Tattoo Discrimination? Apartment Building Bans Anyone with Tattoos and Piercings

An interesting fight is brewing in San Antonio over a new type of alleged discrimination. Gilbert Carrillo was not only denied a lease but lost his application fee due to his tattoos, which he views as an art form. Lawyers for the landlord confirmed that they “reject prospective tenants who have… tattoos exposed on the neck, head, hands and wrists, or large tattoos that cover over 40% of the lower or upper arm.” Such discrimination does not in itself constitute violations of the federal housing rules or even the constitution. Unless used against individuals based on race, religious, or gender (or in some cities sexual orientation), it is not a form of actionable discrimination. On one side, there is the right of individuals to contract freely, including their right of exclusion. On the other side are people who are being rejected solely on their appearance — much in the same way that race or gender is used as a barrier. This has long been a tough call. Food establishments are allowed to deny service on some appearance criteria — though clothes are easier to add than tattoos are to remove (at least from the face or neck where they cannot be covered). For the full story, click

7 thoughts on “Tattoo Discrimination? Apartment Building Bans Anyone with Tattoos and Piercings”

  1. See my entire issue with your statment rick. How do you hold any kind of weight to judge any one. Who are you to judge first off? Tattoos are a form of art expressing strong feelings that the wearer wants to share. You have every right to ignore these feeling the wearer has expressed! tattoos are not illegal. Have you ever commited a crime? Maybe something as simple as speeding? Thousands of people die each year because of , but you judge some one because of art? Silly don’t you think? Look I’m only saying if you feel you must form an opinion about someone why not base it on the person as an individual and not something so superficial. You could start with having a conversation. Maybe work ethic
    Rick there are an array of areas you could attack. I just think you sell yourself short by being so quick to “judge” evaluate each person for who they are.. good luck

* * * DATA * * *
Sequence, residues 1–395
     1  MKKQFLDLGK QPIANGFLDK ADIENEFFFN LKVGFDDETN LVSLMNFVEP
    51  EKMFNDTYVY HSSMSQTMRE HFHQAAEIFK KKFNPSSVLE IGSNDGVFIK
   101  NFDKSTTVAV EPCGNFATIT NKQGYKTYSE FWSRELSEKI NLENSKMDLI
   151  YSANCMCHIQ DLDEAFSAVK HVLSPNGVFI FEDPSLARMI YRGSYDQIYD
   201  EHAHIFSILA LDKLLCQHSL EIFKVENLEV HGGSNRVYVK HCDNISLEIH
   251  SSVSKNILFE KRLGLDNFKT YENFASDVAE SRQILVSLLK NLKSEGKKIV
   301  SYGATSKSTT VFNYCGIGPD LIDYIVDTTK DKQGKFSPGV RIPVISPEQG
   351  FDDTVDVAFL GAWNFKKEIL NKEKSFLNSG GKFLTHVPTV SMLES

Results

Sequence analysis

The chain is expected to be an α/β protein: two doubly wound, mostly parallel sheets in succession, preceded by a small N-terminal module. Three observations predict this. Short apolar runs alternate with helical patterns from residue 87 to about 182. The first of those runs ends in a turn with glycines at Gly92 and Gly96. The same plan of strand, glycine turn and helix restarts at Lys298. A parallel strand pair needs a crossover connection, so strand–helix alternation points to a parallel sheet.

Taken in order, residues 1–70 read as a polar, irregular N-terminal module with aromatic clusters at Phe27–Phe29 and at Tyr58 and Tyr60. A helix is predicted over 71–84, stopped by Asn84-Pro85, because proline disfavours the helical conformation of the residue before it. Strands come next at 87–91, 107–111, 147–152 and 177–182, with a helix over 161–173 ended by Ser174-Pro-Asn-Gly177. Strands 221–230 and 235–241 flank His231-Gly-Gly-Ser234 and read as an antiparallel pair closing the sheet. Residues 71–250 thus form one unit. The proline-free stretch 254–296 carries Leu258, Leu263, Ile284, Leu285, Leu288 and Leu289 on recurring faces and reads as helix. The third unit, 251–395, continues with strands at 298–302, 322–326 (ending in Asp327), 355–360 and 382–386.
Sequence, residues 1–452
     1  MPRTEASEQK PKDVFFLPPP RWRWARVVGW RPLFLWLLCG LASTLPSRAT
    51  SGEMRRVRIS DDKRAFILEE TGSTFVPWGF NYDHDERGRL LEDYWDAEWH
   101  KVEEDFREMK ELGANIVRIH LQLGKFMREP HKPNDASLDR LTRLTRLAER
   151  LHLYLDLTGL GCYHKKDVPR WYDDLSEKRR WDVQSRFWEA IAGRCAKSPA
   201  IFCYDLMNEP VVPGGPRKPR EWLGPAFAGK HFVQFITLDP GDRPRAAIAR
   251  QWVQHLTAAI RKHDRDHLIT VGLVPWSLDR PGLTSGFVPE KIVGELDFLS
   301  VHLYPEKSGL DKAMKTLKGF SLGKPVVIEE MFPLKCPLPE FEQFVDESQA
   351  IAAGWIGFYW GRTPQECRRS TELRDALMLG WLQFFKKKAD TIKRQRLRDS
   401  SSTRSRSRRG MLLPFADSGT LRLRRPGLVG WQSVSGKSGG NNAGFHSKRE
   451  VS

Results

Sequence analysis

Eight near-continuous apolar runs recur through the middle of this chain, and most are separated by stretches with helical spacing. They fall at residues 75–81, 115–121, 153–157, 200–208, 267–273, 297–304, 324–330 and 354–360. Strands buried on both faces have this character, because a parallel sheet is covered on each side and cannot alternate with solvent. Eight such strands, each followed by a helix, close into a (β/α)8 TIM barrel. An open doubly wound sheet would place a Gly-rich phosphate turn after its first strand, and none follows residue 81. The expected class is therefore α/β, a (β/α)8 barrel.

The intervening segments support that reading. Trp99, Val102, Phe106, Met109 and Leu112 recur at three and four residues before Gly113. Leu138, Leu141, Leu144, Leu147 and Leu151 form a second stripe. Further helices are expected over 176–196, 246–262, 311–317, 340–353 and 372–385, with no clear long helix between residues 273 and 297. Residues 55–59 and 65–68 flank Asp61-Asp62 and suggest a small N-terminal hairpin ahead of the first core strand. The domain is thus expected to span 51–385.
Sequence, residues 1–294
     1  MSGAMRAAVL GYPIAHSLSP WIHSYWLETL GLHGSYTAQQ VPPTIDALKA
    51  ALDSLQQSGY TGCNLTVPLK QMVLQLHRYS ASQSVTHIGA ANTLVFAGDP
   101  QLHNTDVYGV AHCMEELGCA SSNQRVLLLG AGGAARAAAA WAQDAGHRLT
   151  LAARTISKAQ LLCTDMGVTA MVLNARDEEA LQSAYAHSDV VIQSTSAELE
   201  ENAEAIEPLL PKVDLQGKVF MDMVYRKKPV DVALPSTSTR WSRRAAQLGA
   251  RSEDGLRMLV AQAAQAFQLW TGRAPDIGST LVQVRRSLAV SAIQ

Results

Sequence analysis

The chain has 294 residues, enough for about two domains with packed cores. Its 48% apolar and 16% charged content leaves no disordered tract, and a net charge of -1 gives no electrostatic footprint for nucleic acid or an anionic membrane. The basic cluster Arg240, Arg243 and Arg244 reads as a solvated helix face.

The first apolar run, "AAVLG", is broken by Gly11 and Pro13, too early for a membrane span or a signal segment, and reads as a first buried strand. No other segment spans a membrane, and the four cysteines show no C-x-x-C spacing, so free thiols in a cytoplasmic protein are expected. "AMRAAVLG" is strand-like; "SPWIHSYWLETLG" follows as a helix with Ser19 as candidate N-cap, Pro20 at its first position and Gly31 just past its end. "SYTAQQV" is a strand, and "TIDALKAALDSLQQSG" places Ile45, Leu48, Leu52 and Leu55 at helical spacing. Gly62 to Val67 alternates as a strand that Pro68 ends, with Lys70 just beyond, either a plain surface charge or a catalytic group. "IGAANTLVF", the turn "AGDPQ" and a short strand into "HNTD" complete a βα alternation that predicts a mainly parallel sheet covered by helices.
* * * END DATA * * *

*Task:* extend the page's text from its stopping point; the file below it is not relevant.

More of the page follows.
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  3. Really Rick? However they want to? You sanction judging people based on race then? Creed? People need to let go of ALL of their prejudices. They do not serve society well at all.

  4. Tracy –

    You have the freedom to express yourself. But people have the right to judge others however they want to. If that includes tattoos, visible or not – some people are going to judge you on it; positively or negatively. Others won’t judge at all.

    We do have the right to judge you though. Just like you have the right to judge me to be a hater. What is this aversion to judgement anyway? It’s the only thing we really have to form the basis for choices.

    – Rick

  5. I think it is absolutely ridiculous for anyone to be judged solely on the fact that they have tattoos. Tattoos and piercings are simply a way of expressing ones individuality. It is an outdated assumption to believe that people with tattoos and piercings are criminals, drug dealers or prostitutes. There is a growing number of people with each new generation that express themselves in this way. I have a hard enough time understanding why this kind of discrimination happens in the work place but this case is even worse. There should be a change in the laws that protect people like Gilbert Carrillo and I. This should be treated just as racial, sexual and age discrimination. We may have chosen to put these designs on our bodies but they are part of who we are, and without them we would not be the same people. I would not feel like I was whole without my body art. It is the art of a canvas that was once blank, if you want a blank canvas thats fine with me, but I do not.

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